In America, we tend to end yoga classes with our hands placed palms together over our hearts.
Seemed only apropos that someone calling herself a Yoga Evangelist could start with the subject of prayer hands in yoga. It has many reasons, and is as ancient as the practice itself. Here’s some of what resonates with me. I’d love to hear your thoughts…
Biologically speaking, an enormous area of your brain’s cerebral cortex is dedicated to your fingers and hands. Your hands’ touch receptors give you the ability to physically feel and comprehend what you are sensing, thus stimulating your brain. Your brain’s right hand activating the left, more analytical hemisphere of the brain and your left hand the right side, the creative, intuitive hemisphere. Yoking your hands together, touching palms to each other, switches on both brain hemispheres simultaneously and integrates them so that they function as a whole. This in turn enhances concentration, focuses intention and aids in assimilation – the perfect mind space for sealing a yoga practice!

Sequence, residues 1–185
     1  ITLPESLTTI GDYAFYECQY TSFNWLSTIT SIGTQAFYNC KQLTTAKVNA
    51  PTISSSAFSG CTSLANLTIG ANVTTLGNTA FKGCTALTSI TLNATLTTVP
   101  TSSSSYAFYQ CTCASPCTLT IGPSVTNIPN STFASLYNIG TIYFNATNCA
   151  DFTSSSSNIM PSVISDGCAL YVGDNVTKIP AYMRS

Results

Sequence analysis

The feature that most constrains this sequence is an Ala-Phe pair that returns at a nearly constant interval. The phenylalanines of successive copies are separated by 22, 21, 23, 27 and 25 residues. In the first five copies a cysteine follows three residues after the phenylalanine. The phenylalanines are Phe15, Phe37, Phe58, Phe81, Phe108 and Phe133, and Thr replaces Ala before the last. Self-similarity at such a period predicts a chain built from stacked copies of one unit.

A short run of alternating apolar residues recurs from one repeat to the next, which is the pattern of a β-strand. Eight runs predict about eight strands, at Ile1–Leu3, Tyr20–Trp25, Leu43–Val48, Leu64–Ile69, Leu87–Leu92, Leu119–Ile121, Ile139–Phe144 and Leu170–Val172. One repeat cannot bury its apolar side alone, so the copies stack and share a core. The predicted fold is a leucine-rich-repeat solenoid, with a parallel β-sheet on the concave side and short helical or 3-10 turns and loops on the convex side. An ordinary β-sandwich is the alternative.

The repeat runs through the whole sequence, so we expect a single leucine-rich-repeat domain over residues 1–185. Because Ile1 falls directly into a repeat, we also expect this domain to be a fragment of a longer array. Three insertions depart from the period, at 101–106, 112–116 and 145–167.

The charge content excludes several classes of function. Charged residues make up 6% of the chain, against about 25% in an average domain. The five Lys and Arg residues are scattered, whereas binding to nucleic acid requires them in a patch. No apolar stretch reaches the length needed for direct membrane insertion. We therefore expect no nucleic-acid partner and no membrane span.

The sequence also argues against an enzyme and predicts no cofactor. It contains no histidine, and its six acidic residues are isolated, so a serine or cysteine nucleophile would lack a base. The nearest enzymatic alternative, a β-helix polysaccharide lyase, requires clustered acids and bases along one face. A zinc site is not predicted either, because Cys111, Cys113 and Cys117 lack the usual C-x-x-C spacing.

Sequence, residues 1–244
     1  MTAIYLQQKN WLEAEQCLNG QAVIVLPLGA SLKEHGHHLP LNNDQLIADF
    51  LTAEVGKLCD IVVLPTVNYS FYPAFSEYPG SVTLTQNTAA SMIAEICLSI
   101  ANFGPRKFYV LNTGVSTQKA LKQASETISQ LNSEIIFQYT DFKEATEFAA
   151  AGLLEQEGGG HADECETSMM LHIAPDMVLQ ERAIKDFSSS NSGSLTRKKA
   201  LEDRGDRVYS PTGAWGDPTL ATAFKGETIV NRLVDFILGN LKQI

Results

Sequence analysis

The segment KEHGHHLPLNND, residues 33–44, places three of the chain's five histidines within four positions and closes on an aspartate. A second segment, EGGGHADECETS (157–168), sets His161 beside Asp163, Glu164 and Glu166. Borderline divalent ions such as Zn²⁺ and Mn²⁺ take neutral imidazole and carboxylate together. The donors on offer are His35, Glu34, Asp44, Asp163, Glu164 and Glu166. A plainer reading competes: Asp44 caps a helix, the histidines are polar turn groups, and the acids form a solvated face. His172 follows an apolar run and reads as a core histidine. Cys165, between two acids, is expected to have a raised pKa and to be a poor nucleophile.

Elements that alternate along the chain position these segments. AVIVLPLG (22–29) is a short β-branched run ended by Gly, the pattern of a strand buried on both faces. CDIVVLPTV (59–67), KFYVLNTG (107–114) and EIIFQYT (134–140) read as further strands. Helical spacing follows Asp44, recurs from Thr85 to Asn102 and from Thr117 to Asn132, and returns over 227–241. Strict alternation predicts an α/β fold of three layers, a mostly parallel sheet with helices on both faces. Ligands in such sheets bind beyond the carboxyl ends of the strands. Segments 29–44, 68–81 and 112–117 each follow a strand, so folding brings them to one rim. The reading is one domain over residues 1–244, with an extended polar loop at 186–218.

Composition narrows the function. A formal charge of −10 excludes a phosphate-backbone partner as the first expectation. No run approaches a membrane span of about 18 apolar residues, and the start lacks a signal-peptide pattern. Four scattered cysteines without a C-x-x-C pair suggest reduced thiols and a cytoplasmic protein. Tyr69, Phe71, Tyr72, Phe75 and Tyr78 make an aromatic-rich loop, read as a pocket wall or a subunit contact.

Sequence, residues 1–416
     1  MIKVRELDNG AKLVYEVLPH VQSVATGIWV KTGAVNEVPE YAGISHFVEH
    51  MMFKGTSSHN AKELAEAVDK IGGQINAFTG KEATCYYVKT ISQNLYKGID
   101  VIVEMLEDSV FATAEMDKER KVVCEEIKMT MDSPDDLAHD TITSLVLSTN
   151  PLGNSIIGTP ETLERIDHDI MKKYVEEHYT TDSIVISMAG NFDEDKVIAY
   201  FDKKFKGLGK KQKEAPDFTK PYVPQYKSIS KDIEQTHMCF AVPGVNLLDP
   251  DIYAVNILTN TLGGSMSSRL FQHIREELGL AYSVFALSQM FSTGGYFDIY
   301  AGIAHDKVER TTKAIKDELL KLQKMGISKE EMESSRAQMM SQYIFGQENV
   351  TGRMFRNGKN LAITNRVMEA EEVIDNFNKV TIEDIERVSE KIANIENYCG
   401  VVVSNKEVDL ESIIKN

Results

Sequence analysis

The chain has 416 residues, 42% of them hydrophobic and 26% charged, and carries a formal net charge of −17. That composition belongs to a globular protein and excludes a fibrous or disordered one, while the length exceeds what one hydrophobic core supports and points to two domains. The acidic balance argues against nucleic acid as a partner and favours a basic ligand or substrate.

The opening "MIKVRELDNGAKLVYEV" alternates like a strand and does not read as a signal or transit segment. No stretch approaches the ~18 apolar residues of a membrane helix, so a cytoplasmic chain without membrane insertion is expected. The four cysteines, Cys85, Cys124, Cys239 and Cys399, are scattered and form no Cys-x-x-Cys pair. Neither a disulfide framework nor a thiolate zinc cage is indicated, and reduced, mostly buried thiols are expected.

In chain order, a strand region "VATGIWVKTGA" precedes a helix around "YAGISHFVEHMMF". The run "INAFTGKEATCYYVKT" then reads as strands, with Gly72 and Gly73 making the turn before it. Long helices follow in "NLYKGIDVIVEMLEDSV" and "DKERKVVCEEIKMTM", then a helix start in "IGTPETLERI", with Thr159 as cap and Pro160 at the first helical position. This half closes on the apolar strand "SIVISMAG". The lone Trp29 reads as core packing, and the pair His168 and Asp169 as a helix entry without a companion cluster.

Prayer positioning of the hands is universally understood as a gesture of peace and good intent. Prayer is a time when we focus inward and commune with our source. This positioning of hands in sanskrit is called Anjali Mudra (pronounced UHN-juh-lee muhd-RAAH). Anjali means “offering,” and mudra meaning “seal” or “sign.” By completing our practice with hands in Anjali Mudra and sealing it with “Namaste” we are bringing an awareness of our centered state from our yoga practice and taking it out into our day.
Photo: Stephanie Kinney, E-RYT with over 3000 teaching hours, and the Regional Programming Manager for Yoga Six, guides yoga classes for students in St. Louis and seals each class with a hand mudra and a Namaste.
Stephanie’s God-dess ring and hand-knotted, pink gold plated Ahimsa pendant necklace by Jen Stock. Jen is a New York based jewelry designer known for spiritually inspired jewelry. Find her jewelry around the necks and fingers of on Rihanna, Usher, Heidi Klum, George Lopez and The Black Crowes!